The Ways of Displays at Christmas

This is the time of year when curmudgeons like me moan about how things aren’t like they use to be – how Christmas was less commercial and things were simpler when we were young.   I found myself thinking that in November while regarding the Christmas lights on Regent Street.  As well as celebrating Christmastide – sort of – they also rang bells for a soon to be released animated movie based on my beloved Mr Peabody, but let’s not go there.  A walk past the windows at Selfridge’s would lead one to think that Christmas was about high-end perfumes and designer dish towels.  And Harrod’s?  Well what can be said about that parody of a once great emporium that is now the Disneyland of department stores.  Though we didn’t get a chance to stroll down Piccadilly I understand from a video (click here) that Fortnum and Mason eschewed last year’s highly commercial salute to a theatrical chain’s Panto mixed in with their fine food stuffs to once again display a little nostalgic animation in their windows.  Mind you their fine products are still very much on display but its things like Christmas pud, crackers and the like.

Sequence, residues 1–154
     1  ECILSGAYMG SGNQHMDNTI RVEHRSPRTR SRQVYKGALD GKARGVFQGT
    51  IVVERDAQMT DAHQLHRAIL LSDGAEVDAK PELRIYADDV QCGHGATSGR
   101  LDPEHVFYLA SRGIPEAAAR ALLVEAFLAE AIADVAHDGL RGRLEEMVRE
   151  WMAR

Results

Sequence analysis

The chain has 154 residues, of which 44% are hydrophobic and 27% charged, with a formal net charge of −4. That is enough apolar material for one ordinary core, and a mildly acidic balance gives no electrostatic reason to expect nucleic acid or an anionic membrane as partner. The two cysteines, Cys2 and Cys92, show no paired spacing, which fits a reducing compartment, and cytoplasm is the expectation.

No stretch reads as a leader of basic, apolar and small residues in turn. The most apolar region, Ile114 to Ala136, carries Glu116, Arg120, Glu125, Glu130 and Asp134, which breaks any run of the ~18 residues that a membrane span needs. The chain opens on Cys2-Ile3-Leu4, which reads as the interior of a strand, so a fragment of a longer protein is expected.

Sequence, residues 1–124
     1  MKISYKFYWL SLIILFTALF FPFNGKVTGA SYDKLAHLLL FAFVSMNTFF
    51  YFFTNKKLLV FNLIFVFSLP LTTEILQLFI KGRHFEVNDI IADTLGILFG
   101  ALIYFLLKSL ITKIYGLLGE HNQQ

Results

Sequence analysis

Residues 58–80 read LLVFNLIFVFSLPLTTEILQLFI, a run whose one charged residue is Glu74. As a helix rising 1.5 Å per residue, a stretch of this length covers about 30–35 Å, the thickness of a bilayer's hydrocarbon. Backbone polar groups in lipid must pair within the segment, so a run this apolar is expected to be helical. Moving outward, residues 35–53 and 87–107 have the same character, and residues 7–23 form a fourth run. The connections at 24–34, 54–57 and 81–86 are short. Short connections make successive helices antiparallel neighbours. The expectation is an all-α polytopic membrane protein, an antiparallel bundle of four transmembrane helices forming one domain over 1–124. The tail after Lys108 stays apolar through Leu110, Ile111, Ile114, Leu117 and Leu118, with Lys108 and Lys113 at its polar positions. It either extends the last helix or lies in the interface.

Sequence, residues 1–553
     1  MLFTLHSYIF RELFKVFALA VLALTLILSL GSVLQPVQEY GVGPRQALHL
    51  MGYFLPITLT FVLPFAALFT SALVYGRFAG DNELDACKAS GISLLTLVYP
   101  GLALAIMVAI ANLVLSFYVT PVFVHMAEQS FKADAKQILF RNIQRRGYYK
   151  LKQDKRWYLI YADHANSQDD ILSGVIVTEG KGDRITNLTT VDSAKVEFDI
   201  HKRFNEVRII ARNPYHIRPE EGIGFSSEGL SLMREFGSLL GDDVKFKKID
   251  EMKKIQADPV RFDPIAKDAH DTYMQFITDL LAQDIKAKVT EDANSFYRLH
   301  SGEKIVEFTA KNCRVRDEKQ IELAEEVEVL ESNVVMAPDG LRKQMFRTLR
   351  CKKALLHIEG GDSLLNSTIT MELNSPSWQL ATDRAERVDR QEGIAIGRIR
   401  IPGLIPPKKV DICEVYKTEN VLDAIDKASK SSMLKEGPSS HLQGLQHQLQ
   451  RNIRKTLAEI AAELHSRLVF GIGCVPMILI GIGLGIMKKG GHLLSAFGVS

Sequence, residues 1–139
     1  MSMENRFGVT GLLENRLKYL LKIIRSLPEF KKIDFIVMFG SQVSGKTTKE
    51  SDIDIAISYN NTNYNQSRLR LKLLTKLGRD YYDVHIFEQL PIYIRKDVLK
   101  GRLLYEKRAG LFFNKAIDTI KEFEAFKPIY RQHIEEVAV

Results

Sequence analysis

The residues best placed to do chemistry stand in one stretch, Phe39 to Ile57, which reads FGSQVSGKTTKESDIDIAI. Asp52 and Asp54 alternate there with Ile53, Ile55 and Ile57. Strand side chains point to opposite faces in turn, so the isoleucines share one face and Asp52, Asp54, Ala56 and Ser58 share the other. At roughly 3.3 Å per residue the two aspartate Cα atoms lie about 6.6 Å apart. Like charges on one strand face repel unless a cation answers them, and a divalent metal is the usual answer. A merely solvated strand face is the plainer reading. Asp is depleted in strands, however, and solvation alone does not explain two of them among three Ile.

By the time we reached London we were pretty much pictured out; however here’s a shot of
Regent Street during the day light hours.  I must admit I was a bit bemused by this year’s
lights?  Mr Peabody and Sherman – well now there’s a Christmas theme I never thought of.

Now Madrid is, or at least was, a different story.  The light displays there are created by well-known designers and reflect all sorts of styles and creativity.  Unfortunately we were only there for a few hours to change trains during daylight hours but did get a chance to get downtown.  And I hate to say it but LNB and myself both gave into the crass commercialism that appeared to represent Christmas at  El Cortes Inglés in Madrid.  After a wonderful lunch at De Maria we strolled over to the main store at Puerta del Sol and stopped off at their Christmas shop – hoping to, despite a vow of abstinence, find a Christmas ornament that cried “Spain”.  Well we found lots that smirked “China” but nothing that you couldn’t find most other places.